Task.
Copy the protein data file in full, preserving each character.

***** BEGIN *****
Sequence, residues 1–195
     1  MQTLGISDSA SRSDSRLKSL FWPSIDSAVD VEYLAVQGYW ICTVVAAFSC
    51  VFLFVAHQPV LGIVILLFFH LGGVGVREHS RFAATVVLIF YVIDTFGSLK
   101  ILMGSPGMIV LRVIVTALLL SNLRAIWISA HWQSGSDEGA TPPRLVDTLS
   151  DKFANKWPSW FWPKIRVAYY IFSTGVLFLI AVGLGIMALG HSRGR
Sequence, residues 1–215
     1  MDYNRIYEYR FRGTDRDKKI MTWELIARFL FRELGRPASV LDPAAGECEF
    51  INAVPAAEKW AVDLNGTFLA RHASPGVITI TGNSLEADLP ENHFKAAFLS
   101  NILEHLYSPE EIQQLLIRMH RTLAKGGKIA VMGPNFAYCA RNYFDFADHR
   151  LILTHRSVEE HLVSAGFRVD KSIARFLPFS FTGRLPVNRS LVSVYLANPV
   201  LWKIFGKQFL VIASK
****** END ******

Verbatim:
Sequence, residues 1–195
     1  MQTLGISDSA SRSDSRLKSL FWPSIDSAVD VEYLAVQGYW ICTVVAAFSC
    51  VFLFVAHQPV LGIVILLFFH LGGVGVREHS RFAATVVLIF YVIDTFGSLK
   101  ILMGSPGMIV LRVIVTALLL SNLRAIWISA HWQSGSDEGA TPPRLVDTLS
   151  DKFANKWPSW FWPKIRVAYY IFSTGVLFLI AVGLGIMALG HSRGR
Sequence, residues 1–215
     1  MDYNRIYEYR FRGTDRDKKI MTWELIARFL FRELGRPASV LDPAAGECEF
    51  INAVPAAEKW AVDLNGTFLA RHASPGVITI TGNSLEADLP ENHFKAAFLS
   101  NILEHLYSPE EIQQLLIRMH RTLAKGGKIA VMGPNFAYCA RNYFDFADHR
   151  LILTHRSVEE HLVSAGFRVD KSIARFLPFS FTGRLPVNRS LVSVYLANPV
   201  LWKIFGKQFL VIASK